If you've spent any time lurking around the bitcoin community on Twitter or Reddit as I have you may have come across the term 'hyperbitcoinization'.
This is the theory where bitcoin surpasses all global currencies, including the US dollar, to become the world's reserve currency and, ultimately, the world's only currency.
The hyperbitcoinization theory is, of course, just that - a theory. At the time of writing, the dollar is very much still the world's reserve currency and the eleven-year-old bitcoin has a market cap of $183 billion with comparatively low adoption.
If hyperbitcoinization was ever to happen it would require a devaluation of the world's major currencies and thus forcing governments and people to adopt The Bitcoin Standard.
Given we are in the midst of the COVID-19 pandemic, the dollar's position as the world's reserve currency is likely to strengthen in the short-term as investors see it as a safe-haven to temporarily preserve wealth as financial turmoil and trade wars begin to play out in the coming years.
As the Federal Reserve continues to print off trillions of dollars via quantitive easing to prop up the struggling US economy this may eventually devalue the dollar or, worse, destabilise it.
The severity of the situation in the years to come will dictate the odds of bitcoin - or something like it - becoming the global reserve currency.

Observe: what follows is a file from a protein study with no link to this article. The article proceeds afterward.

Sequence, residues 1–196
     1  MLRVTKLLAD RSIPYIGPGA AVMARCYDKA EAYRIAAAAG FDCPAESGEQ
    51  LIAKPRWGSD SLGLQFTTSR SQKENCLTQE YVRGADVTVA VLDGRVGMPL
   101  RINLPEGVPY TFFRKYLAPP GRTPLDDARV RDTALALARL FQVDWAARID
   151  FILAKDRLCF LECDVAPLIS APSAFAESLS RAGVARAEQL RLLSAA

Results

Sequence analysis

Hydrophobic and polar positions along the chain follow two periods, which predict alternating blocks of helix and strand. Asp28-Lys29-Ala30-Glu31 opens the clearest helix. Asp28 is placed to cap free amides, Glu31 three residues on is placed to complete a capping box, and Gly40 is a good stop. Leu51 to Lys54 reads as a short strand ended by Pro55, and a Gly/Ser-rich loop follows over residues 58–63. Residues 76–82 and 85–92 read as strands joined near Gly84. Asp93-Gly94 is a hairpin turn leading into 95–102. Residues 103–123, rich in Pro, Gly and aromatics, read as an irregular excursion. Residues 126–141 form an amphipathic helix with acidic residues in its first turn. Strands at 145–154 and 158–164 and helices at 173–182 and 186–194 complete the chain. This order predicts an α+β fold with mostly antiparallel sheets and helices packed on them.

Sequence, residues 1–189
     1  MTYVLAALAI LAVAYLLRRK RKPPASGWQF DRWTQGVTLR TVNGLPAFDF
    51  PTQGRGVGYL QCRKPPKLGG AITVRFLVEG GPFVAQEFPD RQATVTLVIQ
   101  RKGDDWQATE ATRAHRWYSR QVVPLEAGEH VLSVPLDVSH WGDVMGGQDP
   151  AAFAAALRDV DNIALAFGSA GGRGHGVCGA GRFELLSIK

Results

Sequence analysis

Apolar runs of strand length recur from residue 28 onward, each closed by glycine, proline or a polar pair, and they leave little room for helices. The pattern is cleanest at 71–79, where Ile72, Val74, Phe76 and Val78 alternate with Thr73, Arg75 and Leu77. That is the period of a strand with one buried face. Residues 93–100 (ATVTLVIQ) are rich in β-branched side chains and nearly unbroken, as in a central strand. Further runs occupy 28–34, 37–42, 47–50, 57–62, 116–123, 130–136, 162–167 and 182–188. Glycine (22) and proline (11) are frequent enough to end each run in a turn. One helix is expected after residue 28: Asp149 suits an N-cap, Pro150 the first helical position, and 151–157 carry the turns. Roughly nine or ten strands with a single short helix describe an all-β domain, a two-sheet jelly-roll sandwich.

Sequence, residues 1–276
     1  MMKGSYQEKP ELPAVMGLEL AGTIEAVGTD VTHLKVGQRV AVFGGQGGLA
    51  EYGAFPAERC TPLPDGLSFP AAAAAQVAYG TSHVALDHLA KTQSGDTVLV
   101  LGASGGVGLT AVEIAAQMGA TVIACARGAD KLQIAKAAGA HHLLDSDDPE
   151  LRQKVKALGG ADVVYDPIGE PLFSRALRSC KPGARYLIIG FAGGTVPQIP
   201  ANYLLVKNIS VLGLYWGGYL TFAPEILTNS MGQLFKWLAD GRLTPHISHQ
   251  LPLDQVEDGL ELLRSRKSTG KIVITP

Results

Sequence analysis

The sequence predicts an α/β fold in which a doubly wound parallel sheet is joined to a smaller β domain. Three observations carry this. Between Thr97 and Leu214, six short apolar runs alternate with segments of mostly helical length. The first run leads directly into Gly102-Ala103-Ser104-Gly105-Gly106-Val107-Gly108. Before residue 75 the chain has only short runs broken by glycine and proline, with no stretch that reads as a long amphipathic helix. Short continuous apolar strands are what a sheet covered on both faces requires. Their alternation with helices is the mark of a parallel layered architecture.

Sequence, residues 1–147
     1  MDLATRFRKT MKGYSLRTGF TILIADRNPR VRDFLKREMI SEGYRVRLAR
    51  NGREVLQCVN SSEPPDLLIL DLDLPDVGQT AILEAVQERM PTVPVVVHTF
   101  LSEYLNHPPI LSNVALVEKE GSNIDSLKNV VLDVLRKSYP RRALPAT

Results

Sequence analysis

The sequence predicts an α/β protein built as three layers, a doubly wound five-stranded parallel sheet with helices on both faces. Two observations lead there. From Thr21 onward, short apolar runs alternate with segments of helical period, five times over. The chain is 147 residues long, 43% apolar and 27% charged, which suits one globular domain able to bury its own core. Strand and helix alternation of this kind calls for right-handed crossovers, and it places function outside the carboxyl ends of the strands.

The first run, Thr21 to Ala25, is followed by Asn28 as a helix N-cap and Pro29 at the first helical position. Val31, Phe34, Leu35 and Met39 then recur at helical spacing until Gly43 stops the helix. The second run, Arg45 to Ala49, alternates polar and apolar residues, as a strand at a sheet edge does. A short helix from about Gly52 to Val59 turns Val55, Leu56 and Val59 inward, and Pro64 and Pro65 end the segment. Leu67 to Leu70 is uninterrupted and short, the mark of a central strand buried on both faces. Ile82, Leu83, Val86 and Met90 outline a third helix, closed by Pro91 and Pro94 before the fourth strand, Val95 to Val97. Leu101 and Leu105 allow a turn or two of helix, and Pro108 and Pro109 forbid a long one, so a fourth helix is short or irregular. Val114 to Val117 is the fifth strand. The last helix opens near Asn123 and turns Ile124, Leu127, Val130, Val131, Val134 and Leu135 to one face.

While this might sound farfetched it is in fact the normal state of play. New currencies have surpassed old ones for thousands of years.
The changing of currencies
The Latin definition of the word currency means 'in circulation' and before the invention of coins shells were the most circulated form of money and traded throughout the world. So too was silver and more recently gold.
Modern paper money was originally backed by the amount of gold stored in a country's vaults known as the gold standard. Today, however, paper money is not backed by anything other than a country's promise to honour it.
The world's reserve currency has also changed throughout history and is usually correlated to the country with the most powerful military.
From 1450 to 1530 the world's reserve currency belonged to the Portuguese. Then from 1530 to 1640 the Spanish, 1640 to 1720 the Dutch, 1720 to 1815 the French, 1815 to 1920 the British and from 1920 to present day the USA.
The connection? The country with the world's reserve currency was (or is) the global superpower at the time.
If history is anything to go by, the US dollar will lose its status as the world's reserve currency eventually. The question is what will dethrone it?
Despite being the world's second largest economy China has little to no interest in making the renminbi the global reserve. As an exporting nation and with cheap labour the Chinese government prefer to keep the renminbi relatively weak alongside other currencies.
It's also worth noting that historically the changing of a world reserve currency usually involves war. The last time followed World War 1.
The function of money